Japan to world: Our gyokuro is not radioactive

Almost two months after the earthquake in Japan caused nuclear reactors in Fukushima to leak radioactive particles, tea importers who sell Japanese tea are trying to figure out how to tell everyone that, they say, no tea has been contamintaed. According to an April 25 article on worldteanews.com, European bans on imports from the country, which will continue until the end of June, have already caused delays, and may result in higher prices for tea from the country. Power outages in Japan related to the accident may also slow tea production.

A tea importer from San Francisco is said to have recently returned from a trip to the country and says “no contaminated tea has been reported,” according to World Tea News Editor Dan Bolton. The tea businessman also reported that the World Green Tea Association was being “very cautious about saying anything good or bad about the tea crop in any region” — essentially, it’s saying nothing at all.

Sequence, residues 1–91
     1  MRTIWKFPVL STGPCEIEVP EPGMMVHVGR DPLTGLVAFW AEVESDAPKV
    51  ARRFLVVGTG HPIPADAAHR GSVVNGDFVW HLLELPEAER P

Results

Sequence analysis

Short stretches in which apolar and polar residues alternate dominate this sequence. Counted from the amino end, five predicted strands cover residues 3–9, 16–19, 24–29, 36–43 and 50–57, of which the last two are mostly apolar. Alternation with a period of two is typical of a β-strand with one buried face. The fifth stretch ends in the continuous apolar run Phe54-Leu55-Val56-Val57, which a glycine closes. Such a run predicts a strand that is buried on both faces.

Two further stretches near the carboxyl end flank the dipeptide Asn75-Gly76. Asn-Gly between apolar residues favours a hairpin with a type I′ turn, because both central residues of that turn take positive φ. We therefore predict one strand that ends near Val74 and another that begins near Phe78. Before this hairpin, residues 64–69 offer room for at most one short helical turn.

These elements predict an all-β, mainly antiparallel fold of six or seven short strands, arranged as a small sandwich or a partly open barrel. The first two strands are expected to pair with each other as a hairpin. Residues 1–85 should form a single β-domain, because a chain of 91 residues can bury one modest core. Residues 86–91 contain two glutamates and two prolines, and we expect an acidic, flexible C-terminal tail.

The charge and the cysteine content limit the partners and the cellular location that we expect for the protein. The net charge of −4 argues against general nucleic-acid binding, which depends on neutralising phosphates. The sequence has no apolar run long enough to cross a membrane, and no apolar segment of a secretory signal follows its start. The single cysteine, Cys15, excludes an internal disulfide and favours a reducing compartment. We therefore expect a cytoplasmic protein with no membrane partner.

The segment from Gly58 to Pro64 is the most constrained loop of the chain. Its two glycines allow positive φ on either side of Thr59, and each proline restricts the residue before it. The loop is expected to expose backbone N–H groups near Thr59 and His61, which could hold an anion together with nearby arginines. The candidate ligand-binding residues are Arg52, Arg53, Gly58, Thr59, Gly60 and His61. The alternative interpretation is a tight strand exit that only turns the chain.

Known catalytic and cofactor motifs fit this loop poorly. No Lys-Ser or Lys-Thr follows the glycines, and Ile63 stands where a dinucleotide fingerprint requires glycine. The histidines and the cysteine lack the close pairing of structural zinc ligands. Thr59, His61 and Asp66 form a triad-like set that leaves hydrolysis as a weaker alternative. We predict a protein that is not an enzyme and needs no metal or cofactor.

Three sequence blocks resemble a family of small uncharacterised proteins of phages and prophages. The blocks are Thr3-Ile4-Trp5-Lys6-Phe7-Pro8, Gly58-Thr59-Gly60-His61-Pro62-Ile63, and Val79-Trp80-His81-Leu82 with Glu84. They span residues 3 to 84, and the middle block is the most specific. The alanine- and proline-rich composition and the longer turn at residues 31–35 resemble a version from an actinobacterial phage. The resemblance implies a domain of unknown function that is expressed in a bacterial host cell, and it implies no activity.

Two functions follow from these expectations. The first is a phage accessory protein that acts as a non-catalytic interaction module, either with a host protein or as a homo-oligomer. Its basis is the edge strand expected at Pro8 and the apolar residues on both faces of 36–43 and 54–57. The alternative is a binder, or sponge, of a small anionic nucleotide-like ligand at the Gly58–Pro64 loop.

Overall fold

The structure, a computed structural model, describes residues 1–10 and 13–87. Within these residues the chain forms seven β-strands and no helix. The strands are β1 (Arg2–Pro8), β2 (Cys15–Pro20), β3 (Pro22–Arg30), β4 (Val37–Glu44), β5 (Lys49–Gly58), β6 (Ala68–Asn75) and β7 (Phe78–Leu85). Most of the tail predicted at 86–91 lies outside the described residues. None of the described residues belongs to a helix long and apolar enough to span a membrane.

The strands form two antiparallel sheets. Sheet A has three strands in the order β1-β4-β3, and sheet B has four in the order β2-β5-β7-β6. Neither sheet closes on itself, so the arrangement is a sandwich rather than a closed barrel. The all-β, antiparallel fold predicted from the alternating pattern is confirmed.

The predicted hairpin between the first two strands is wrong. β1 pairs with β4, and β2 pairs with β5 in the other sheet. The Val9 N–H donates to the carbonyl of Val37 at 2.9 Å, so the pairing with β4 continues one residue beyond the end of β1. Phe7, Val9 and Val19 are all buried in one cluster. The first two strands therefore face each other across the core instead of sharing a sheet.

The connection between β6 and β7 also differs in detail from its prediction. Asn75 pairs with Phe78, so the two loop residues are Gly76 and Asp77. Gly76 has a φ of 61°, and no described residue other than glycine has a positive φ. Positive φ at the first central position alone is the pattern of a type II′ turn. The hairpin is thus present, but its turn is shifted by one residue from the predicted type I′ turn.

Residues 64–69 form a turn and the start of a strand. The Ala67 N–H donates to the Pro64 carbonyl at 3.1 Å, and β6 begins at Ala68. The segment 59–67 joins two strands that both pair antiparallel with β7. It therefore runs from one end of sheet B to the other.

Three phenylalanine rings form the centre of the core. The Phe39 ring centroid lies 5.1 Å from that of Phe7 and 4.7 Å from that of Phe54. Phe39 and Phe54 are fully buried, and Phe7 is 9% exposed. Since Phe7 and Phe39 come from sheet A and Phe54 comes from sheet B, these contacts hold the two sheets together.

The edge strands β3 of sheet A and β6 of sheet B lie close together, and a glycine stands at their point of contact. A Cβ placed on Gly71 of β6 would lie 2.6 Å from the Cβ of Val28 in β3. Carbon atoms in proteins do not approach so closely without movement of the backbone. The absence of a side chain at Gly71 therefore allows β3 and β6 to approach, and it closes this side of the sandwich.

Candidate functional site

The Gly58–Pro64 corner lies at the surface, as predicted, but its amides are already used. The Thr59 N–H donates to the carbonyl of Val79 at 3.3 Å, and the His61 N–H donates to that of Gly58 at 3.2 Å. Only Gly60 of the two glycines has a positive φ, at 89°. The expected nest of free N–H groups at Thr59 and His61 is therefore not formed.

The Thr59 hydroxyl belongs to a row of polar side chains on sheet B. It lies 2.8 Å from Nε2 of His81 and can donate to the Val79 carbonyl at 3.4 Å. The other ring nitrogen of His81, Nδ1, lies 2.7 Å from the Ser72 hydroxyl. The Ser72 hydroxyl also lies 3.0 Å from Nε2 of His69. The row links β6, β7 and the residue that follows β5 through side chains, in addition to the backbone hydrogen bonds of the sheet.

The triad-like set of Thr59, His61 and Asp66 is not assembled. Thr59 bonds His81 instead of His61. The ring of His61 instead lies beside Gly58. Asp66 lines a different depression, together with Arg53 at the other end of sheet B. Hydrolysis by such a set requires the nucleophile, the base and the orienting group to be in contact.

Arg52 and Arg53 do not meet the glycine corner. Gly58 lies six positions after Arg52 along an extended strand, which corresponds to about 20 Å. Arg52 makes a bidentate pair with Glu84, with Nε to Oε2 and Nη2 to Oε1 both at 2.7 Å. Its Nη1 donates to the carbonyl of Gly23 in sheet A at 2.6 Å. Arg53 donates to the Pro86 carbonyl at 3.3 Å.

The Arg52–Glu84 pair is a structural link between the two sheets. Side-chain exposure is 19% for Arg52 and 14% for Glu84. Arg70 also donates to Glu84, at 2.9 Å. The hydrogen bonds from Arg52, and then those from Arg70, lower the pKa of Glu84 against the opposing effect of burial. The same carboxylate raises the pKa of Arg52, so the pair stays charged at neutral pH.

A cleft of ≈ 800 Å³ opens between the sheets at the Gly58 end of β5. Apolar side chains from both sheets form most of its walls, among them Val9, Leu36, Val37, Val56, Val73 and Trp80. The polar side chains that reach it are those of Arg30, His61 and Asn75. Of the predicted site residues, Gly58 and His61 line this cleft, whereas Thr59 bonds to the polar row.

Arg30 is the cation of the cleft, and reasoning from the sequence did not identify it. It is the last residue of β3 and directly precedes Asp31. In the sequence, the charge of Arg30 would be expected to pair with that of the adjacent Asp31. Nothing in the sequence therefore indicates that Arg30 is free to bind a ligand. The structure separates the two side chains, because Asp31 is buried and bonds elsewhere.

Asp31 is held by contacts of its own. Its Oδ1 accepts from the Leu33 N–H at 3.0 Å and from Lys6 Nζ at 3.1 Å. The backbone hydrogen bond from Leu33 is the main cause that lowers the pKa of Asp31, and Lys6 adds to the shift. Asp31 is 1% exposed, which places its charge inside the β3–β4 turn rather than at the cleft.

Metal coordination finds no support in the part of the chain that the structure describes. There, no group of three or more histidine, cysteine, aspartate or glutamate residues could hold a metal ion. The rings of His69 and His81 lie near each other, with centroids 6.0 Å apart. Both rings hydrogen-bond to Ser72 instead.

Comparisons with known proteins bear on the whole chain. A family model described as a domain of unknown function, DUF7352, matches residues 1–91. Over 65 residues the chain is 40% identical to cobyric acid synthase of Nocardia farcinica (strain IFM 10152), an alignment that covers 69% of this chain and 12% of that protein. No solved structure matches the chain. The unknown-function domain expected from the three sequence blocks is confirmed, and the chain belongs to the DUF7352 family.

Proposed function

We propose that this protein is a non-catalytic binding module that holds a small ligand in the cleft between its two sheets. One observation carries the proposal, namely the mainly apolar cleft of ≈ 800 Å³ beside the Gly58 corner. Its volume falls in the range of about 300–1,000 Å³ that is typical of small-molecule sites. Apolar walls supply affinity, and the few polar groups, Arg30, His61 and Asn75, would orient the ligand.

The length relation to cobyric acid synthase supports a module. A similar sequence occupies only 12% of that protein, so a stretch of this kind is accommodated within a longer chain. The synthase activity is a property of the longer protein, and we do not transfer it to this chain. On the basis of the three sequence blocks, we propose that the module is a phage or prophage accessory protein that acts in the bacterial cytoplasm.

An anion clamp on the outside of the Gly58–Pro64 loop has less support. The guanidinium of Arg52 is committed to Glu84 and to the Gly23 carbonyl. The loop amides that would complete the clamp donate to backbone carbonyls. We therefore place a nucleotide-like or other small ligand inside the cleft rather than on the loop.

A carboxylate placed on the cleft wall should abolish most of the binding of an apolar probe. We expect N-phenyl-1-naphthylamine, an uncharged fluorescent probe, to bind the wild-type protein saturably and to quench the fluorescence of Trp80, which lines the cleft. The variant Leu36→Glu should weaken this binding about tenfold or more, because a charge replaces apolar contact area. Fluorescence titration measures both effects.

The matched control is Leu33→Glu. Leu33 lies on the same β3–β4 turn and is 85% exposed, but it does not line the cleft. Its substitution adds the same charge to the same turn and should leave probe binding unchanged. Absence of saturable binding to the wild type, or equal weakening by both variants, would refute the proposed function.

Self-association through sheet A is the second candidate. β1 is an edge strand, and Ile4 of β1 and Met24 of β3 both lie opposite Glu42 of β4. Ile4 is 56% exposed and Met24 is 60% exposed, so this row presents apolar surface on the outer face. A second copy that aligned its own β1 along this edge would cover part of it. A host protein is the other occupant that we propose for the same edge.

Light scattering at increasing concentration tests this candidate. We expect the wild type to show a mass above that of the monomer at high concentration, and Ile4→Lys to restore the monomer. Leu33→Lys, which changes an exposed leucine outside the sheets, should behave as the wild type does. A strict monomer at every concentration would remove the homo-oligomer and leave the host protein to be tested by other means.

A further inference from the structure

The most interesting part of the article, to me anyway, was at the bottom of the article a section titled, “What to Say to Clients and Customers.” The official party lines include the observations that “No tea either freshly picked or packaged has been discovered to be contaminated by radioactive particles” and “Virtually all of Japan’s tea is grown at least 200 to 300 kilometers south of the radiation source.”

The most popular Japanese teas in the U.S. include green teas gyokuro, sencha and bancha, and the roasted hojicha.


About Don Seiffert

I'm a reporter and writer in the Boston area.
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